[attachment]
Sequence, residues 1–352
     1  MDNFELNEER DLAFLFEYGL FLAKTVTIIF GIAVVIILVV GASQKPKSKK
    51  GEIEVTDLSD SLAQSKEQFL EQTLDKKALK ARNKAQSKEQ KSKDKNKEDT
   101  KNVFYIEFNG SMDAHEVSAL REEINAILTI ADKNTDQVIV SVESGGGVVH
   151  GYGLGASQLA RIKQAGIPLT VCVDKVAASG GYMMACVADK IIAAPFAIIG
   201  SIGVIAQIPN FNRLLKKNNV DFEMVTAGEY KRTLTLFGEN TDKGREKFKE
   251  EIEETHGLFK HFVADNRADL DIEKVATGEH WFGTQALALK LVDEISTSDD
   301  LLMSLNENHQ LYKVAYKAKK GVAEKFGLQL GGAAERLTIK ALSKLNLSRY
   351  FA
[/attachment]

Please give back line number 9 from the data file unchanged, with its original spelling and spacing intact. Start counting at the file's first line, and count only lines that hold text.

   351  FA